Pills vs. Food
Although antioxidant supplements are routinely prescribed to people with early signs of macular degeneration, there’s little agreement on whether supplements will help otherwise healthy people preserve their vision. “Most of the evidence to date is very mixed,” Allen Taylor, a leading researcher at the Laboratory for Nutrition and Vision Research at the Jean Mayer USDA Human Nutrition Research Center on Aging at Tufts University, tells WebMD. In one recent study, for example, a multivitamin seemed to protect against some forms of cataracts but actually raise the risk of other forms.
"By far the best way to protect your vision from age-related diseases is by eating a healthy diet," says Kathleen Zelman, RD.
Recent findings help make the case for healthy food choices. A study by French scientists, for instance, found eating more vegetables -- including cabbage, broccoli, pepper, corn, or spinach -- improved the condition of the retina in people with age-related macular degeneration.
The Healthiest Diet Pattern for Healthy Eyes
The overall pattern of your diet may be even more important than single foods. Allen Taylor and his colleagues at the Jean Mayer USDA Human Nutrition Research Center on Aging reported a link between AMD and high-glycemic index foods, such as sugar and refined carbohydrates such as pasta and white bread. "We suspect that proteins in cells in the eye become toxic when exposed to high-glycemic index foods, leading to AMD-related injury," Taylor tells WebMD.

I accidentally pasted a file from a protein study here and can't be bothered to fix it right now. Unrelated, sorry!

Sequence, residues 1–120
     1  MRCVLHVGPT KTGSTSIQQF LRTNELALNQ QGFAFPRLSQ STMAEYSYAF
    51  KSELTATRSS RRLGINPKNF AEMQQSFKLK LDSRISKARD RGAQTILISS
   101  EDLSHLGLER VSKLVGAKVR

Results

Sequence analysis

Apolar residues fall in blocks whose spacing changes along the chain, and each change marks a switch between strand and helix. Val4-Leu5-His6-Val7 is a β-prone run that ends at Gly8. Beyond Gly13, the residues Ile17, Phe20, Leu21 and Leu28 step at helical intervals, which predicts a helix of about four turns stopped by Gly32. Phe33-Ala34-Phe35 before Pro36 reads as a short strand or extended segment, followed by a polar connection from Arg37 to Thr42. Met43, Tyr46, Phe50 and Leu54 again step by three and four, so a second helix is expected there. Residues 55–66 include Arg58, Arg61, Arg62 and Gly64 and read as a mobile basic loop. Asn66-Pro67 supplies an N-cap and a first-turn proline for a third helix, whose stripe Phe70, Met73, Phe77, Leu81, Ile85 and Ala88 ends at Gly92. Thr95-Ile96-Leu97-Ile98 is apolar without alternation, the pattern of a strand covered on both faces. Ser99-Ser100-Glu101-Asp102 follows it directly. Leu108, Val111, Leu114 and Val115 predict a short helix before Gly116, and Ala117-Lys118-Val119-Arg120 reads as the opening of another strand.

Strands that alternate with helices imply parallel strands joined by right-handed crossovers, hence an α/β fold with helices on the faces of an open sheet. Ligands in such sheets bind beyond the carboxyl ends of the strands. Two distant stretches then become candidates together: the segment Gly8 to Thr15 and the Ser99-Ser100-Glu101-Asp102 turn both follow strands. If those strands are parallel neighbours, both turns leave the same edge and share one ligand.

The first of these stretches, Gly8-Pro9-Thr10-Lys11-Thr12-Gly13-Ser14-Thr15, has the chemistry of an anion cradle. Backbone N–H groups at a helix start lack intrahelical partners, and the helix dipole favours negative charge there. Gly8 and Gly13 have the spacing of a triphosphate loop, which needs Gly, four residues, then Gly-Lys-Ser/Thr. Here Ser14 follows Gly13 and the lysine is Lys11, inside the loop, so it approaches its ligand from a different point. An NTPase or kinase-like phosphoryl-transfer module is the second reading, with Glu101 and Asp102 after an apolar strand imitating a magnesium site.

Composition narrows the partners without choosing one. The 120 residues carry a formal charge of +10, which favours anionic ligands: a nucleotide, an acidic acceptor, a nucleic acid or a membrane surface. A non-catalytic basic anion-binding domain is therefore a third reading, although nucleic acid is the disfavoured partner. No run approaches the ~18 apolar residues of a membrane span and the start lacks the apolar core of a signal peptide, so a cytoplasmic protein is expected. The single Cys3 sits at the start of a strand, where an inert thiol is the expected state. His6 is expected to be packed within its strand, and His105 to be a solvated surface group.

If high-glycemic index foods pose a risk, whole and unprocessed foods appear to protect the eyes. The healthiest diet of all may be the Mediterranean diet, which features fruits, vegetables, nuts, whole grains, fish, and heart-healthy oils. A study reported in the Archives of Ophthalmology tracked nearly 2,500 adults over 10 years. The volunteers filled out questionnaires about what they ate. Those who ate fish and nuts frequently had a lower risk of developing AMD by 30% or more. A second study, which included 6,734 older adults tracked for 10 years, found that adults who ate more foods with trans fats (typically found in baked or processed foods) were more likely to develop late-stage AMD. In contrast, those who consumed more olive oil -- a staple of the Mediterranean diet -- had a lower risk.
The Diabetes Connection
Age-related macular degeneration is just one threat to vision. Another serious danger and a leading cause of blindness is diabetic retinopathy. A consequence of diabetes, diabetic retinopathy occurs when blood vessels in the retina are irreversibly damaged.
Researchers don’t yet understand all the factors that lead to blood vessel damage in diabetics. "But it’s clear that food choices that lower your risk of developing type-2 diabetes will help lower the risk of diabetic retinopathy," says Roy. Here, too, a Mediterranean-style diet appears to offer protection. Research from the University of Melbourne in Australia reported that the Mediterranean-style eating pattern can even improve blood sugar control in people with type 2 diabetes.